Feeling an alien in the country of my birth

This is going to sound a patronising thing for a late middle-aged white male to say, bearing in mind the relative ease and comfort of my life, bearing in mind the lack of prejudice directed against me. But a few days ago I was made to feel a potential outsider, an alien in the country of my birth. Why? Because I came across the Rural Conservative Movement. Not only did I find that what they believe in to be offensive to my sense of reason, to my philosophical attitude to life, but I felt it to be a potential threat to the very notion of who I feel myself to be.

They advertise themselves as believing in:
• A full, clean Brexit
• Immigration reduced to near zero
• The primacy of British culture and values
• The primacy of our Christian faith
• Protection of our rural heritage
• The traditional family
Whilst I can seriously question the validity of all of these beliefs, it was the “primacy of British culture and values”, and the “primacy of our Christian faith” that made me feel most ill at ease, together with the various graphics that accompany these statements. These graphics, overly romantic drawings of ‘traditional’ rural life, are reminiscent of those used by the Nazis in 1930’s Germany.

I have nothing against British culture and values, except that I have no idea what they are. Accepting the general definition of culture as “the values, ceremonies and ways of life characteristic of a given group”, the immediate problem becomes that of defining a given group of people bound together by an identifiable set of values and practices. When has there ever been such a group of people living in the geographical location of the British Isles? Our history is that of a multitude of different settlers and invaders bringing a diversity of different values and social attitudes with them. The most that can be said is that with time, different groups of people have found a way of living together. A number of generally shared or common beliefs and values, social practices and ceremonies have emerged, have become an identifiable feature of that group. But they will never have been adopted or believed in by everyone in that group. Not only that, but these values and practices will have differed across the country, and changed with time. I accept that a degree of uniformity emerged across the country, but only a degree. I totally reject that there ever has been, or ever can be, a defining set of British cultural values and practices.

But it’s worse than that. The implication is that if you do not ascribe to this defined set of values you are not part of British society, and therefore not welcome; that whatever values you happen to hold dear, they are of secondary importance to those of the mainstream. But who is going to define these mainstream, accepted British values? Who would dare to stand up and declare a definitive set of such values? And more importantly, how many of them do you need to hold? And to what degree? To be regarded as ‘British’, do you need to hold dear all these values, to the highest degree? If not, where do you draw the line? And what happens if you happen to fall on the wrong side of this line?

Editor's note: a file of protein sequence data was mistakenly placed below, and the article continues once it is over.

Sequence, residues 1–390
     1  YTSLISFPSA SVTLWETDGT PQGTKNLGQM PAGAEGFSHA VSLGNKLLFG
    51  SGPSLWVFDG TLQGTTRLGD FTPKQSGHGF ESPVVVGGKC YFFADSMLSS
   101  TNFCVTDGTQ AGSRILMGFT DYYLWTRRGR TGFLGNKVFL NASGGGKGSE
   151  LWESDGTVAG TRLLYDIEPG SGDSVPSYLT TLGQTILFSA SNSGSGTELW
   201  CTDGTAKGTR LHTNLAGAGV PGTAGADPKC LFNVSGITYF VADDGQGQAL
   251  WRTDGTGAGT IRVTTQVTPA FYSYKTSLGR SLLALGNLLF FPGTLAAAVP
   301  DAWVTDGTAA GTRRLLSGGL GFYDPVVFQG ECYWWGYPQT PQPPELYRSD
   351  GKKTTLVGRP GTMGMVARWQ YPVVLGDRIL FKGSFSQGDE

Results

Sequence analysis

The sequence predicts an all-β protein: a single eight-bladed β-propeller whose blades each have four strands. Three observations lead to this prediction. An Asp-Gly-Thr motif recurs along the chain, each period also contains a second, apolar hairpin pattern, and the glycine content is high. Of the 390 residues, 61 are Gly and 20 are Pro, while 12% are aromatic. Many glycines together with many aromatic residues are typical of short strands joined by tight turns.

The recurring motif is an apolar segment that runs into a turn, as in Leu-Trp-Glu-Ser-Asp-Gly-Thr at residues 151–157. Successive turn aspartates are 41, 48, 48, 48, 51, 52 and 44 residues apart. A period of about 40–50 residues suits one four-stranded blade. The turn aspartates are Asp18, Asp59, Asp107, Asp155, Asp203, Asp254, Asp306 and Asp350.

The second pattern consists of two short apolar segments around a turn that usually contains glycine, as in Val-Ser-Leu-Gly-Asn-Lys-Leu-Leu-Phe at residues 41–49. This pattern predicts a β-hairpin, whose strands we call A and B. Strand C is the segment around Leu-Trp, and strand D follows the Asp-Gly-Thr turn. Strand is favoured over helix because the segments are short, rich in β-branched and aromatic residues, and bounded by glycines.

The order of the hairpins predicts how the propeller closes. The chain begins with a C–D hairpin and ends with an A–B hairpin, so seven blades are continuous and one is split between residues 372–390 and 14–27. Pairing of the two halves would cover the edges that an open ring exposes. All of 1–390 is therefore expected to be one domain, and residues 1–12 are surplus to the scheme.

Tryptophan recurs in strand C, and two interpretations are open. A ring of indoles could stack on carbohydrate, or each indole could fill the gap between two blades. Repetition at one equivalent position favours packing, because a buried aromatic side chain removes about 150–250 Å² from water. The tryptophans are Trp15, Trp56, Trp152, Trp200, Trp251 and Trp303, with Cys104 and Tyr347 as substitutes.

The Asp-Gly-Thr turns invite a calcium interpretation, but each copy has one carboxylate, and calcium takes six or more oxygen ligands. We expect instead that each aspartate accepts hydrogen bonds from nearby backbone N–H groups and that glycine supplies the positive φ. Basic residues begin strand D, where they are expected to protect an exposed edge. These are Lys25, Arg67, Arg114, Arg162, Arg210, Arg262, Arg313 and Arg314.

I have, however, much against the Christian faith. I’m not however prejudiced against Christianity. I regard all faiths with equal distain. My reason? Because they are faiths. People hold them to be true because they want them to be true or because they emotionally feel them to be true, not because there is any verifiable evidence that they are true. I will totally concede that religion has served a purpose during the course of human social evolution. In the absence of scientific knowledge, they have provided a narrative, an explanation and purpose to human life that has allowed for a degree of social cohesion and therefore supplied us with an evolutionary advantage. But as the tenets of the different religions are shown to be false or contradictory to knowledge capable of being scientifically tested, they need to be dropped. We will never be in a position to deal with the challenges humanity faces if we hold onto superstition rather than pursue scientific explanations.

But maybe it was the Nazi overtones that unsettled me most. The implication that there is some pure sense of Britishness to be found in a traditional past, in some mythical period of our history when everything was well with life, before it was contaminated by time, foreign cultures and alien religions. If such a belief can be fostered (a totally false belief for which no evidence can be found) then all manner of violent behaviour becomes ‘justified’ in fighting for its restoration. I didn’t end well the last time it was tried. And it will not end well if tried again.

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